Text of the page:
Profile: Who’s that dancing man?


As the stands stood packed with sports fans this Dec. 2 and 3, shuffling and shouting for the first basketball conference home games against George Fox and Lewis & Clark, one man stood out from the crowd, swaying to the music on the community/visiting side of the bleachers and waving his gloved Mickey Mouse hands to the beat. Many Whitman students have enjoyed the enthusiasm of this happy spectator over the years, but very few know the man behind the motion.

Credit: Ethan Parrish

His name is Stephen Rubin and his affiliation with Whitman College began as one of the faculty. Rubin was hired on as a professor in Whitman’s Psychology Department in 1971, and he became not only a passionate educator, professor to our very own Basketball Assistant Coach Matt Airy, but a supportive faculty spectator at all Whitman athletic events. While he is now retired from teaching at Whitman College, he still holds this second title proudly.

“I’ve always enjoyed athletics [and] I root for lots of sports. I’ll go to swim meets, volleyball games, baseball games, basketball games . . . I love the drama of it,” said Rubin on his athletic attendance.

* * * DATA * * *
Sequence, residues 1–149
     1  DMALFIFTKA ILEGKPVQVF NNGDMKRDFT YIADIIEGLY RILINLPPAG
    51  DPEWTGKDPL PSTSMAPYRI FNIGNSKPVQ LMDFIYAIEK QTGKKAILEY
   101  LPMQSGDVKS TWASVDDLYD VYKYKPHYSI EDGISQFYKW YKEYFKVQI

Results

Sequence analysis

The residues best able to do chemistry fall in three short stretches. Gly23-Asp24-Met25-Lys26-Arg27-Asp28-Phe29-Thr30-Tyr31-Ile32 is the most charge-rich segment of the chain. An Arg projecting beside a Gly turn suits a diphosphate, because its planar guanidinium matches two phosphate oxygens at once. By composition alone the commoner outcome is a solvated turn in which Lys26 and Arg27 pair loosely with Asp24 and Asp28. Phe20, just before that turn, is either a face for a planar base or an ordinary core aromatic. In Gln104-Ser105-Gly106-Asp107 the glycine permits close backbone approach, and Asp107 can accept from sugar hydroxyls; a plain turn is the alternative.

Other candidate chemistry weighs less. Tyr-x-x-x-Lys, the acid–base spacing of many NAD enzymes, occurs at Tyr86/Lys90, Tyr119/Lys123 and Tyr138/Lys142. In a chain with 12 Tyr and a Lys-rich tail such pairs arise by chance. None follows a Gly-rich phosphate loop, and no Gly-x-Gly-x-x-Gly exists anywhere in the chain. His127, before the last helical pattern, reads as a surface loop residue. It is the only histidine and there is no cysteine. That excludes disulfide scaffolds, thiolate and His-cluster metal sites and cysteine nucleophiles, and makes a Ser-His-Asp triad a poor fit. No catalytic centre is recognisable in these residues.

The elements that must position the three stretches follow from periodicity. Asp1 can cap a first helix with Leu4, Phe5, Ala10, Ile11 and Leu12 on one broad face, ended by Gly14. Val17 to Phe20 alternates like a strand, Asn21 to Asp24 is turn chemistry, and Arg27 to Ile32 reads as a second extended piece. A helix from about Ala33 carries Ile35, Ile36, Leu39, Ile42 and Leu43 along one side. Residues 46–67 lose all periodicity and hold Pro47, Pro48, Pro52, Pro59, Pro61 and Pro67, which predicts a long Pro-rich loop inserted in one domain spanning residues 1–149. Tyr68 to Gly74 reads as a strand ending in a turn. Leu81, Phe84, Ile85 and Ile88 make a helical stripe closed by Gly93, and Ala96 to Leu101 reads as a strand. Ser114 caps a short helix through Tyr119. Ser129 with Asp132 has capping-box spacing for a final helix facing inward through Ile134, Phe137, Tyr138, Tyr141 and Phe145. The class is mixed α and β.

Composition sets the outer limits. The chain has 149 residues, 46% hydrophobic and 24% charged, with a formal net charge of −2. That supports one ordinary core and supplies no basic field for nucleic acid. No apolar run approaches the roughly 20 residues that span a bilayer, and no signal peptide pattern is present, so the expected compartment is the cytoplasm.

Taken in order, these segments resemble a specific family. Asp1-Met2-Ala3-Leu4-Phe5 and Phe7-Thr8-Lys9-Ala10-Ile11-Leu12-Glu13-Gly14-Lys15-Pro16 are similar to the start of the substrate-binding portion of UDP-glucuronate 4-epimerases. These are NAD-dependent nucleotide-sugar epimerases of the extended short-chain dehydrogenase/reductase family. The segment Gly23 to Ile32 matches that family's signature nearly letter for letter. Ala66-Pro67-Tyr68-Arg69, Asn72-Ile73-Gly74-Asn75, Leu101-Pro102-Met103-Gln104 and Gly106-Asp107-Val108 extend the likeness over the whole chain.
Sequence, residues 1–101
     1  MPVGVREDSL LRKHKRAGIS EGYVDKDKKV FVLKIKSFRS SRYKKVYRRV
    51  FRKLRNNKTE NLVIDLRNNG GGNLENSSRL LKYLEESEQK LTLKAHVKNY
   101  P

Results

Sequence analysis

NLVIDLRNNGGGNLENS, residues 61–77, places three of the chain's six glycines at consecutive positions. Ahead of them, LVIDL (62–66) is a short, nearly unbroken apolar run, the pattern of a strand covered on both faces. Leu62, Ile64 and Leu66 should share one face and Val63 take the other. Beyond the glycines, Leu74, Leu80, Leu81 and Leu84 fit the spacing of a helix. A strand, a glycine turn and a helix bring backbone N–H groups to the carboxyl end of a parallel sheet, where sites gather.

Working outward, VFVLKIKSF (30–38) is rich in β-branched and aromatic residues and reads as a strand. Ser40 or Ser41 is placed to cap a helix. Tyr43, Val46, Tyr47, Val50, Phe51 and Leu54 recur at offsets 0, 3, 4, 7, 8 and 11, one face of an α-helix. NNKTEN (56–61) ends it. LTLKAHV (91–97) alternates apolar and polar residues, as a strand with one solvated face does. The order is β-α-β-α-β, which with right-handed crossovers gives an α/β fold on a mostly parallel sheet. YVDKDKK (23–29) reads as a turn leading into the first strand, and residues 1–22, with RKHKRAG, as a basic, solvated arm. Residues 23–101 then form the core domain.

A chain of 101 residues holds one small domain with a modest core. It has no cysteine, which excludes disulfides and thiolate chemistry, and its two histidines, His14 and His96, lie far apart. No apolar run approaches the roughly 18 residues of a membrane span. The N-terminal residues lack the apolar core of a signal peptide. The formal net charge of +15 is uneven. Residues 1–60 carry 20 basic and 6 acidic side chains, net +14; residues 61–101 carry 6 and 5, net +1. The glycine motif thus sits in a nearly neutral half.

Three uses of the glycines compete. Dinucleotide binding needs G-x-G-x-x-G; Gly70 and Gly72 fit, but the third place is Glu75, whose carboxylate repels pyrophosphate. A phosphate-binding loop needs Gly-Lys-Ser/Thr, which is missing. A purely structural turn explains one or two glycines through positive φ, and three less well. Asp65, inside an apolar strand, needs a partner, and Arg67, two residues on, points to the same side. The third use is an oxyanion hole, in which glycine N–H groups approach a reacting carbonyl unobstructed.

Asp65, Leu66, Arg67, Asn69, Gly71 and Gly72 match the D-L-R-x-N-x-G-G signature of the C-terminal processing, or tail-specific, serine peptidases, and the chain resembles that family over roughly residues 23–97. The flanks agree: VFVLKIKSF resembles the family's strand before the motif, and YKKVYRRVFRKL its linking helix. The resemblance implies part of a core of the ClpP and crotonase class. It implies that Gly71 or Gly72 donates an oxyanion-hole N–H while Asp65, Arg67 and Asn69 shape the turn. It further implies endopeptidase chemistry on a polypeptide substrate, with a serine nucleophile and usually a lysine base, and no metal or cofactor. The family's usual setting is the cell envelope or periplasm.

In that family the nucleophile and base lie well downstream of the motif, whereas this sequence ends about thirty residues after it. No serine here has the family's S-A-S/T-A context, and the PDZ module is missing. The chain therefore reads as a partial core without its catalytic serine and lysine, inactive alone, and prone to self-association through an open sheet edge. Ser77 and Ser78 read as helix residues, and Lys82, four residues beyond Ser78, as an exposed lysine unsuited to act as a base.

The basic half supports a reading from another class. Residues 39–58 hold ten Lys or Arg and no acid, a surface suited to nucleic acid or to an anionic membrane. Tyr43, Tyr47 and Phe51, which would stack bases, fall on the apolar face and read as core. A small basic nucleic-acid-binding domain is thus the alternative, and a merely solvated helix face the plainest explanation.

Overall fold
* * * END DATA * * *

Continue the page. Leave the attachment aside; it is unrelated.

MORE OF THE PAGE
Not just a fan, Rubin is also an athlete, having played sports in his youth and Intramural Basketball into his 60s.

“I played sports. I grew up in New York City, and that’s what you did when you weren’t doing homework. You played baseball, stop ball, hand ball, football. Most of it isn’t organized, you just go to the field and you play for eight or 10 hours a day: and that’s what I did.”

Now, Rubin makes sure that, if he’s in town and Whitman is playing, he’s there to cheer on the men and women battling on the court.

“[Whitman athletes have] devoted themselves to their sport. They’ll give it all, and they do. By and large, Whitman athletes will dive through a brick wall to get the ball and do the right thing,” said Rubin.

When asked why he started bringing the props to games, he responded, “I think the lack of student involvement. At times the students just never show much enthusiasm. Here these guys and women are  diving  for the ball. This isn’t a library or a funeral, so I started screaming and yelling, and after a while I started collecting things. Now it’s hard to stop doing it: it’s expected of me.”

With over two-dozen costumes to choose from, Rubin runs many of the cheers during the energy lulls of time-outs or call disputes, shouting across the gym for a response from the students’ side.

“After a game or two I’ll get hoarse,” said Rubin with a smile, “But I like the enthusiasm. I’m willing to step away from it if the students will pick it up.”